In this piece, I wanted to mention what happened to Noel’s loved ones who survived the war.
As we have seen, Noel and his brothers’ journey through the war is extraordinary. The four of them were in the army from the start and survived unscathed for almost three years until July 1917. Then, in the space of a few weeks, Noel was killed winning a second Victoria Cross at Passchendaele, brother Aidan was wounded and missing close by (and, tragically, never seen again), their brother Bernard, a doctor like Noel, was wounded and awarded the Military Cross just a few miles away, and Noel’s twin brother Christopher, a padre, was awarded a Military Cross for his actions earlier near the Somme. All three medals, like Noel’s first VC and MC before that, were for saving wounded men under fire.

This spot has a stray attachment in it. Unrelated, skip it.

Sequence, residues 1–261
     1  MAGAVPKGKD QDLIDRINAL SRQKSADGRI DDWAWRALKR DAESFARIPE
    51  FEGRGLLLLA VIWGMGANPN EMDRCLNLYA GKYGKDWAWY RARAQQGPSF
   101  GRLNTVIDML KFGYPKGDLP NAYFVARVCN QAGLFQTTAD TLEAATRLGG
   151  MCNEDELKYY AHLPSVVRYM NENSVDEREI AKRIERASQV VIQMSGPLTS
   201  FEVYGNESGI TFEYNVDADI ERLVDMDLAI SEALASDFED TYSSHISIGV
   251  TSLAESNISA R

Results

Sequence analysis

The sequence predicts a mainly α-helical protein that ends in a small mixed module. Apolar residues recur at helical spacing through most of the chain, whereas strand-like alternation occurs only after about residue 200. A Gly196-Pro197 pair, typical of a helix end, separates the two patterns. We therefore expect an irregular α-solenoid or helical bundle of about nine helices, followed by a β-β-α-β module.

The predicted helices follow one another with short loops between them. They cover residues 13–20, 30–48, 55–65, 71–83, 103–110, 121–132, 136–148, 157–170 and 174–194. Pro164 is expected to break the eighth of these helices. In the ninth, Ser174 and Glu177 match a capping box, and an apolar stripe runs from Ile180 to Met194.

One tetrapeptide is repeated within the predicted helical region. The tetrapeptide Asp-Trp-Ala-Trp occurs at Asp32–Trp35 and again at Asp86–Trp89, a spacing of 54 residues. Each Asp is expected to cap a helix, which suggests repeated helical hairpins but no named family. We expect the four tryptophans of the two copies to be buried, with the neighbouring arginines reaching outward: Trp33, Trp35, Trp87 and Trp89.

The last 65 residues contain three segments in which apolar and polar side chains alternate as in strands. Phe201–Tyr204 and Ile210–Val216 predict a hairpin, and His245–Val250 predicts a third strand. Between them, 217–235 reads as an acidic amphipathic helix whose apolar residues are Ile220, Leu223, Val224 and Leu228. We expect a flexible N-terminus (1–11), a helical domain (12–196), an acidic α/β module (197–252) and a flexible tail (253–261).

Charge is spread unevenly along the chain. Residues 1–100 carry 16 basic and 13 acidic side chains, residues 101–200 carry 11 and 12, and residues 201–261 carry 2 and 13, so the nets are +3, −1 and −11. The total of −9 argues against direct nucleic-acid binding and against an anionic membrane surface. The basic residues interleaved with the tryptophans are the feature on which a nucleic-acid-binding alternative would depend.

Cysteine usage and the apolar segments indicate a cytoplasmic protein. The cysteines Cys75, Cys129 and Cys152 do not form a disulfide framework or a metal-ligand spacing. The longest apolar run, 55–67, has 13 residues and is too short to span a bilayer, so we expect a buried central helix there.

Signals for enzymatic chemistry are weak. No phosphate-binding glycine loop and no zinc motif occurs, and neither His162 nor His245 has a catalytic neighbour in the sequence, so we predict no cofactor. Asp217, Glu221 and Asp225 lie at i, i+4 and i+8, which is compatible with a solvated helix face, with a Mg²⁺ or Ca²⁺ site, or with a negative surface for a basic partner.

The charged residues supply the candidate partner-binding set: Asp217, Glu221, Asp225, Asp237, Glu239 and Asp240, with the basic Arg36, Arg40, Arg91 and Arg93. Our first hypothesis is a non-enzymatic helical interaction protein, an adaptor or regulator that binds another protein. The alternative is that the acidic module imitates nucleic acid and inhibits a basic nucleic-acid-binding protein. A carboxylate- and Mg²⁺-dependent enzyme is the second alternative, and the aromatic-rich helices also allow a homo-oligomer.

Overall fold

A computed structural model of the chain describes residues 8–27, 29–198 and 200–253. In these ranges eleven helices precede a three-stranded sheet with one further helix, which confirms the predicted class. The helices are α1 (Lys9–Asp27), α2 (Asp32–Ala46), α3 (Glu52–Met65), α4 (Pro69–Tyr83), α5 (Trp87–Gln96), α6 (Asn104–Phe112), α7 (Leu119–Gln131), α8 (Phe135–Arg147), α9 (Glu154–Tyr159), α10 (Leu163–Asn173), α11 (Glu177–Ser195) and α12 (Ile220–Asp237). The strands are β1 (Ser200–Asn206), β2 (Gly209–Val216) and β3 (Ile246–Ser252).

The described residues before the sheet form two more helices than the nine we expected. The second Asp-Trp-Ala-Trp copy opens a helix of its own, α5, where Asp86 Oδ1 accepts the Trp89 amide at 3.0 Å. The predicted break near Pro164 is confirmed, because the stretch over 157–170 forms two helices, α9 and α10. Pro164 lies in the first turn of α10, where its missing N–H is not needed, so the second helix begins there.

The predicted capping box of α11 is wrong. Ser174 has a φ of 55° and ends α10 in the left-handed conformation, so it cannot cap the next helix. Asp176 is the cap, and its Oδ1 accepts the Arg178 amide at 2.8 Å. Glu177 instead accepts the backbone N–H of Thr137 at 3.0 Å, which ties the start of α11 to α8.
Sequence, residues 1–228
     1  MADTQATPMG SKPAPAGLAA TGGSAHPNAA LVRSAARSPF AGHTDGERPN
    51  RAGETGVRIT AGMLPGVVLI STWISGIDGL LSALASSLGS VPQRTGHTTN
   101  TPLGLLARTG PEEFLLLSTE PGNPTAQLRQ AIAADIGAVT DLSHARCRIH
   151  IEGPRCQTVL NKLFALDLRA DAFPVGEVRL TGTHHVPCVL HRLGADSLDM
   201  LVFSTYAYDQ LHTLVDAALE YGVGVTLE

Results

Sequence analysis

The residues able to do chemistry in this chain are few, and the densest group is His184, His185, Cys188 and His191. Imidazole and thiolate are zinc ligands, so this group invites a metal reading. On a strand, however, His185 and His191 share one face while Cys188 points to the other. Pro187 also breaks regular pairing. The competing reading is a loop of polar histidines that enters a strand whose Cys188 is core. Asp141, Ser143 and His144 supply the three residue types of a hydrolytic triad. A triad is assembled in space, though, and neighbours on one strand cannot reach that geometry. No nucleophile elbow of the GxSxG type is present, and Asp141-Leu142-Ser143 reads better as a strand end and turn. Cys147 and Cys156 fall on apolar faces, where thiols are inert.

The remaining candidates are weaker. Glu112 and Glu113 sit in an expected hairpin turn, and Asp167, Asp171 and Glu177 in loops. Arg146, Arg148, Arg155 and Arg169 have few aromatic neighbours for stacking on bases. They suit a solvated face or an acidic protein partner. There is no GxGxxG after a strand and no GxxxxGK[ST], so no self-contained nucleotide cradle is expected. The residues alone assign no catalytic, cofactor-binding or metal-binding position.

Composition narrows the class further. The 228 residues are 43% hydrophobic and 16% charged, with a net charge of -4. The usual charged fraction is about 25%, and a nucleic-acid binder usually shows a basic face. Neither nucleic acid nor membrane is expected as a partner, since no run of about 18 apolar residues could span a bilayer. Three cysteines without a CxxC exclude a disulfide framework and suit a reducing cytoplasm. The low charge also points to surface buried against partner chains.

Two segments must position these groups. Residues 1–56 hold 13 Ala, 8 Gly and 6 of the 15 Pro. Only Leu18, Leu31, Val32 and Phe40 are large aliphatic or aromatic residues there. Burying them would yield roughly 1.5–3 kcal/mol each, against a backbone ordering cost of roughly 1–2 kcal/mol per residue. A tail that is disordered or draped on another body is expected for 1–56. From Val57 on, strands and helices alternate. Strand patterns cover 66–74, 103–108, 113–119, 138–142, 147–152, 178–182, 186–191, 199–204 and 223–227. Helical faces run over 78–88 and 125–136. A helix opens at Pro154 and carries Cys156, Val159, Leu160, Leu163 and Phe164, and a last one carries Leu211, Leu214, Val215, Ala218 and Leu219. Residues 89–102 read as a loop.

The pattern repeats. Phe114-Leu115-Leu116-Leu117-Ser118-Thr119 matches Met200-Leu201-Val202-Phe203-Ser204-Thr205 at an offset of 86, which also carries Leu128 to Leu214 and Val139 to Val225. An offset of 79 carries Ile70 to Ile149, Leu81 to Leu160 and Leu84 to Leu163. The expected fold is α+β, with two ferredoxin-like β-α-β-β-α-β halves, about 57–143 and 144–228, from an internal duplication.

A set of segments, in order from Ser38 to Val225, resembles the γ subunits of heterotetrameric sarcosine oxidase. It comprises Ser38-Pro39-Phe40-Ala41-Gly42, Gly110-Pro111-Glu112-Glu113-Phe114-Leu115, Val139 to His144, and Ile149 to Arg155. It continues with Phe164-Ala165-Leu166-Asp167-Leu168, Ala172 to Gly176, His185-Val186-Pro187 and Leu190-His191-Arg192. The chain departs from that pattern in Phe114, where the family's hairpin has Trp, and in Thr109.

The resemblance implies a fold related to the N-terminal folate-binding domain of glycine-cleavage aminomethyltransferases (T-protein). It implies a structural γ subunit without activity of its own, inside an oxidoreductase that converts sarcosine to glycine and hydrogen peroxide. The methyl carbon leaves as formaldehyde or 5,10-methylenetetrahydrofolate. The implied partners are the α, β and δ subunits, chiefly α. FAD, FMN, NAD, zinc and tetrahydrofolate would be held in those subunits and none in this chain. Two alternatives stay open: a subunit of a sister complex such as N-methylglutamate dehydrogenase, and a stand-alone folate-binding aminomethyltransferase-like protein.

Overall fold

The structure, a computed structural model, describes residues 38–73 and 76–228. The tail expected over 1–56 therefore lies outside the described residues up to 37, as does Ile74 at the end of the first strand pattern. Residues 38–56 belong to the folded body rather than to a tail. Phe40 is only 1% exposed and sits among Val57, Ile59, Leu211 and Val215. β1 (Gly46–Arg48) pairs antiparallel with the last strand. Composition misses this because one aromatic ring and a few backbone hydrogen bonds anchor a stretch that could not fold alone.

The summer of a hundred years ago must have been a true test of faith for Noel’s mother and father, who was the Bishop of Liverpool, and for his three sisters. They were a close family, and in age too – Dorothy had been born in 1883, twin boys Christopher and Noel in 1884, twin girls Marjorie and May in 1886, Bernard in 1888 and Aidan in 1891.
So what happened to Noel’s closest and dearest? Noel’s death was, of course, heartbreaking for his fiancé Gladys Chavasse, his first cousin. She and her sister Esme (my grandmother) were about to set off for Paris to be closer to Noel and prepare for the wedding, possibly under a special licence. After the war, Gladys, whom we all referred to as Aunt Gaggy, married the Reverend ’Uncle Pud’ Colquhoun whom she met in the Rhineland while working with the Church Army. They had no children and, after Pud died in 1937, Gladys continued her voluntary work and was both evacuated from Dunkirk in 1940 and was ’Mentioned in Despatches’ for ’gallant and distinguished services in Italy’ at Monte Cassino in 1945, would you believe, while in her fifties. Aunt Gaggy, who placed an ’In memoriam’ notice in The Times each year on the anniversary of Noel’s death, became quite deaf in later life and didn’t hear an oncoming car as she stepped off a pavement while on holiday in France in 1962. She was buried in the family crypt at Bromsgrove, Worcestershire.